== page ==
18 18 developments, particularly in chapter six. Now, I will turn to those recent theologians who are working with the threefold topics of homelessness, charities and theology. Homelessness, Charity, and Theology: The State of the Art A number of studies have been published recently in the area of theology, homelessness and charity, addressing at least two of the three. 37 These works touch on a number of common themes, including: the biblical basis, or justification for, charity; 38 the prioritising and dignifying of homeless people s voices, often conjoined with empirical methodologies and action research approaches to the subject; 39 the influence of sociopolitical and linguistic contexts on understandings of the problem of homelessness, with a particular concern with the homogenising implications of the term homelessness ; 40 an understanding of homelessness in relation to our shared but changing understanding and 37 See: Gary. A. Anderson, Charity (London: Yale University Press, 2013). David Nixon, Stories from the Street: A Theology of Homelessness (Farnham: Ashgate, 2013). Rebecca Anne Allahyari, Visions of Charity: Volunteer Workers and Moral Community (London: University of California Press, 2000). L. Stivers, Disrupting Homelessness (Minneapolis: Fortress Press, 2011). Paul Cloke, Jon May, Sarah Johnsen, Swept Up Lives?: Re-Envisioning the Homeless City (Oxford: Wiley-Blackwell, 2010). Justin Beaumont and Paul Cloke, eds., Faith Based Organisations and Exclusion in European Cities (Bristol: Policy Press, 2012). Timothy Jackson, The Priority of Love: Christian Charity and Social Justice (Princeton: Princeton University Press, 2003). Steven Bouma-Prediger, Brian J. Walsh, Beyond Homelessness: Christian Faith in a Culture of Displacement (Grand Rapids: WM B. Eerdmans, 2008). Robert J. Myles, The Homeless Jesus in the Gospel of Matthew (Sheffield: Sheffield Phoenix Press, 2014). Church Urban Fund, Tackling Homelessness Together: A Study of Nine Faith-based Housing Projects (2011). Available at: ort.pdf. Catherine Duce, Church-Based Work with the Homeless: A Theological Exploration of the Practices of Hospitality, Practical Theology, Vol. 6, No. 1 (2013), Thia Cooper, Controversies in Political Theology (London: SCM Press, 2007). Sam Wells, Anglican vicar of St Martin in the Fields and lecturer at the London School of Economics, has informed me that he plans to publish in this area soon. 38 Anderson, Charity, 69, Stivers, Disrupting Homelessness, 125. Nixon, Stories from the Street, 19, 20. Allahyari, Visions of Charity, 11. Beaumont, Cloke, Faith-Based, 107, 112. Because Biblically informed responses to homelessness have already been extensively conducted, this thesis considers charity and homelessness in relation to the iconoclastic resources of doctrine. However, it is also worth noting that sophisticated versions of Biblical Theology, like that pursued by Walter Moberly, also draw attention to the importance of discernment, criteria of judgement, and praxis. Walter Moberly, Prophecy and Discernment (Cambridge: Cambridge University Press, 2006), 12-15, 23, , On the iconoclastic resources of theology, see Nicholas Lash, A Matter of Hope (London: Darton, Longman and Todd, 1981), Stivers, Disrupting Homelessness, 9, 10, Nixon, Stories from the Street, Cloke, et al., Swept Up, Stivers, Disrupting Homelessness, 12, 108. Nixon, Stories from the Street, 39. Cloke, et al., Swept Up, Myles, Homeless Jesus, 14 51, 176.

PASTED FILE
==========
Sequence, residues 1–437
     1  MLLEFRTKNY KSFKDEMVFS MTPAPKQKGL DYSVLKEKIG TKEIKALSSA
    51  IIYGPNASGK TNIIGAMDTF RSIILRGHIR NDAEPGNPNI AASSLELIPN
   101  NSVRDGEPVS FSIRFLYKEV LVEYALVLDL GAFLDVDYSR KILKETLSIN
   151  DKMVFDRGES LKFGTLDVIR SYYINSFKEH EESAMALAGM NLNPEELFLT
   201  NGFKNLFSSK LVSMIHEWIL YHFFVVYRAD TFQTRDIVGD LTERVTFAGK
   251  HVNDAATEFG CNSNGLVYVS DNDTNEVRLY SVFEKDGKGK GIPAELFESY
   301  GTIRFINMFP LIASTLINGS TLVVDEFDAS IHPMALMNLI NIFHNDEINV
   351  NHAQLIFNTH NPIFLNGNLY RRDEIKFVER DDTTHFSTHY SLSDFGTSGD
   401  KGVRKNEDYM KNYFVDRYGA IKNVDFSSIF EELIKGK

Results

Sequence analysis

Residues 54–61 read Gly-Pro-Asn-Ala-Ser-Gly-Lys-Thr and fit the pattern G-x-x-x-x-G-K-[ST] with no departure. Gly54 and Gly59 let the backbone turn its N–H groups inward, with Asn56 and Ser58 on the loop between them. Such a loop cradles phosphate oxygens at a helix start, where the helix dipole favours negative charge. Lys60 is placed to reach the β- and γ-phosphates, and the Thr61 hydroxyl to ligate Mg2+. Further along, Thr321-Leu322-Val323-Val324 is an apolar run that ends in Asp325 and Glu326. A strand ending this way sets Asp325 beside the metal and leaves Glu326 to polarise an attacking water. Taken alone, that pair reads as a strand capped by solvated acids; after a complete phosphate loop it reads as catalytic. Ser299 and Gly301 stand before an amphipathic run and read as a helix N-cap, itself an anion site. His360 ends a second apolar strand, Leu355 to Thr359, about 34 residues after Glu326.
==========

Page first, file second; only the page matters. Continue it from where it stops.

19 19 experience of the home ; 41 a concern with the mission and calling of the church in relation to the lives of homeless people and contemporary inequality; 42 the changing relationships between church and state, or, more generally, between civil society and the state, in the delivery of welfare services; 43 an enduring concern with anthropology, particularly with questions of agency, empowerment, exclusion and the transformation of homeless people, often associated with theologically derived notions of human dignity; 44 giving or exchanging of gifts, and interpersonal manifestations of power. 45 and, with the While there is significant overlap of themes here, there is little consensus in regards to conclusions. Take, for example, the double bind of agency, and its relation to the status of homeless people. On the one hand, Laura Stivers frames her research by asking whether typical Christian responses to homelessness are empowering for those who are being offered help and hospitality. 46 She argues that homeless people are hurt by debilitating forms of dependence and need freeing from this servitude (though she also argues they express significant forms of resistance). Her aim is the extension of the agency of homeless people, and maximising their choice making capacity and autonomy. On the other hand, Robert J. Myles argues that contemporary neoliberal responses to homeless people and to the homelessness of Jesus ( And Jesus said to them, Foxes have holes, and birds of the air have nests; but the Son of man has nowhere to lay his head. ) 47 lead us to read into the Matthean text Jesus Christ s choice of an itinerant lifestyle. For Myles, it is the agency of the homeless (like Christ s) which is referenced to justify the denigratory and marginal status of homeless people. Jesus choosing his homelessness underscores the neoliberal discourse of the individual, free-roaming, moral agent, able to make isolated economic choices which also leads to downplaying structural and systemic factors. 48 Here, unlike Stivers, homeless people are allocated an agency analogous to that of Jesus Christ, and this 41 Stivers, Disrupting Homelessness, Myles, Homeless Jesus, Bouma-Prediger, Walsh, Beyond Homelessness, Stivers, Disrupting Homelessness, 3, 18, 99. Nixon, Stories from the Street, 178. Church Urban Fund, Tackling Homelessness, 5-10, Stivers, Disrupting Homelessness, 118. Nixon, Stories from the Street, 154. Allahyari, Visions of Charity, x. Beaumont, Cloke, Faith-Based, Jackson, Priority of Love, Church Urban Fund, Tackling Homelessness, 3, 31, 36, Stivers, Disrupting Homelessness, Cloke, et al., Swept Up, Anderson, Charity, 3, 169, Stivers, Disrupting Homelessness, 117. Nixon, Stories from the Street, 181. Beaumont, Cloke, Faith-Based, 160. Myles, Homeless Jesus, 186. Jackson, Priority of Love, 10, 51. Duce, Hospitality, Practical Theology, Stivers, Disrupting Homelessness, RSV Matthew 8: Myles, Homeless Jesus, 12.